According to the National Oceanic and Atmospheric Administration, the North American Drought is a record-breaking expansion of the drought which started in 2010, when the shortage of snow and rain in North America resulted in little or no run-off and melt-water to soak into the soil. The shortage of water encompasses 80% of the United States, and central and eastern Canada. The Environmental Protection Agency estimates that 15% of Americans rely on their own private well for their water source and the drought is beginning to have an effect on a huge number of private water wells throughout the U.S.
The drought has caused, and is expected to continue to inflict, devastating economic effects on the affected states because it impacts agricultural as well as communities who depend upon groundwater. The shortage of water also has the potential to affect many millions of Americans whom depend upon private wells for their water source.
What To Do If Your Local area Is Impacted
If you live within an area suffering from drought, be on the look-out for a change in your own well water. In the event that you have a dried up well issue where the well is pumping air, consult a professional water well water contractor to see exactly what the level of the water is in the well. Often the well pump can be dropped to take benefit from the existing water table. If the well water quality changed in recent months and you discover higher amounts of smells, color or sediment, it is possible that this has been the result of a fall in the water table.
Rehabilitating a water well may cause it to produce a lot more water and improve drinking water quality. Water well rehabilitation is the process by which a well is restored to its best possible condition using various mechanical or chemical techniques. A professional water well contractor can do checks to see if rehabilitating methods will be productive before beginning the process. For more information contact the National Ground Water Association.
Water Treatment Systems Affected By Drought
A great number of well water owners employ various kinds of water treatment systems to obtain potable water from their water wells. These include iron filters, water softeners, chlorinators, sediment filters, ozone generators and ultra-violet sterilizers to mention a few. Systems such as automated iron filter systems, softeners as well as reverse osmosis systems all utilize water to automatically clean and maintain the treatment system in a process known as regeneration, in which the system is backwashed and rinsed to drain to clean and maintain the treatment system.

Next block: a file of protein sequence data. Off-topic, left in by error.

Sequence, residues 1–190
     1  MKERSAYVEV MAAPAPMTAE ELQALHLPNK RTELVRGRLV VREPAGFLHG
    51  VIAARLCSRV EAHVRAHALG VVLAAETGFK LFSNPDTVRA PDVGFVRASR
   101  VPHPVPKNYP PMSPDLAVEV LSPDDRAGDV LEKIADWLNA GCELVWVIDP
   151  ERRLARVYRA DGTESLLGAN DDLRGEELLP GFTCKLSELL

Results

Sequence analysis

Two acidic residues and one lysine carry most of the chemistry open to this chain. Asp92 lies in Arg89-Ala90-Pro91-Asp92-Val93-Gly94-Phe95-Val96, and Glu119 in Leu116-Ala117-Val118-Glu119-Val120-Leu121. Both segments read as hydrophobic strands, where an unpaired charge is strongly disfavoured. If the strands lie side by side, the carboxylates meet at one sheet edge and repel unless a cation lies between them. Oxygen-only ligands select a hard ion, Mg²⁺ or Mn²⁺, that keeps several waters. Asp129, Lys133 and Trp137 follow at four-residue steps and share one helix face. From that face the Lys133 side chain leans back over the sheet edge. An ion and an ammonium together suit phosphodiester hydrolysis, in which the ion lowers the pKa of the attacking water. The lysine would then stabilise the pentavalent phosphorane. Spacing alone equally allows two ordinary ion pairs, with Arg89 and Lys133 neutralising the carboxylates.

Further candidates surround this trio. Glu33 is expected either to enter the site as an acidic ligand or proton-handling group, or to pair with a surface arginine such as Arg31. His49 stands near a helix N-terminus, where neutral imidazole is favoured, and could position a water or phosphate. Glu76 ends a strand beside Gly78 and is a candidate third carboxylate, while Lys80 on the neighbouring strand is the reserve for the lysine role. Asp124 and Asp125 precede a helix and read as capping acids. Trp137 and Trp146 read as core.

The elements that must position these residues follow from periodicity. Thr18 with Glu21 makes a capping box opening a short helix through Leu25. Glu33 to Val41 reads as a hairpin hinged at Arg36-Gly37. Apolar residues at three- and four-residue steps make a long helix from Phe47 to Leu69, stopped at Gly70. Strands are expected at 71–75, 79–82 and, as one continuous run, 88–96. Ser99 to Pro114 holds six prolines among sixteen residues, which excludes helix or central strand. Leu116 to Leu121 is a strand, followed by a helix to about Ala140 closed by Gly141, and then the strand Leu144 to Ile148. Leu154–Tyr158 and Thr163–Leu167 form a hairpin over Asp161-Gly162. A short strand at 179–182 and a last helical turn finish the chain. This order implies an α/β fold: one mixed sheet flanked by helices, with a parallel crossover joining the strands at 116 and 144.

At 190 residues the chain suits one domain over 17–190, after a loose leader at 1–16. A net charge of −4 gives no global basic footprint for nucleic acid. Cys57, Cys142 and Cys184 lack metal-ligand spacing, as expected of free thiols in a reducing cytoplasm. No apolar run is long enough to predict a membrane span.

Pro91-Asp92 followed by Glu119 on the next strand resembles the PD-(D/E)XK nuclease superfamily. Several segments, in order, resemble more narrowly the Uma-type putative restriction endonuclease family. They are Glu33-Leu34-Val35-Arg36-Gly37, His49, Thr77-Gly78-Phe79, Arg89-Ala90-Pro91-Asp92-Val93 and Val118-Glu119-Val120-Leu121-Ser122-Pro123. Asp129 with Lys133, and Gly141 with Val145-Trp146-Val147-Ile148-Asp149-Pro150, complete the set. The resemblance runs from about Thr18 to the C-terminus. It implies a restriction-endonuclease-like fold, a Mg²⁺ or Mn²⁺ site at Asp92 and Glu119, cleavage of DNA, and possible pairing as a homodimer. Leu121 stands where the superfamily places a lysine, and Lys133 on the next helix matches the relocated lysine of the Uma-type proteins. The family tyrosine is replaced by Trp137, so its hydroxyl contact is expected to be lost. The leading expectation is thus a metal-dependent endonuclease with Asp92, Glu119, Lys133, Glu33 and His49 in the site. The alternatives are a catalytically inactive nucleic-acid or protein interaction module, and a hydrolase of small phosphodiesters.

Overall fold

How You Can Optimize Your Water Treatment Systems During The Drought
See our free report on how to save water by optimizing your water treatment system. Test your water both before and after your water treatment system to ascertain if it’s operating in line with the manufacturer specs. If it is working properly, consider changing the frequency of the backwash or regeneration to save on water. For instance if you have an iron filter or some other type of backwashing filter system that backwashes every night, look into setting it for every other night to reduce water consumption. If it is set for once every four days, consider changing it to once every seven days.
Consider re-using the waste water from the filtration system for watering the garden. Except for water softeners which use salt water brine for regeneration, many types of filtration systems use backwash water which may have waste water which can be routed to irrigate trees or shrubs. Check local laws, as some states have polices regarding using this kind of waste water.
Examine under-sink reverse osmosis (“RO”) devices with regard to waste water to make certain the system is not continually running waste water to drain. Under-sink RO systems route a percentage of the water to drain, as the system is producing the pure drinking water. If an RO system malfunctions the RO can continually waste water. The waste water from RO systems can often be used for irrigation and it’s often not difficult to run some tubes out of the waste water line to the outside for irrigation.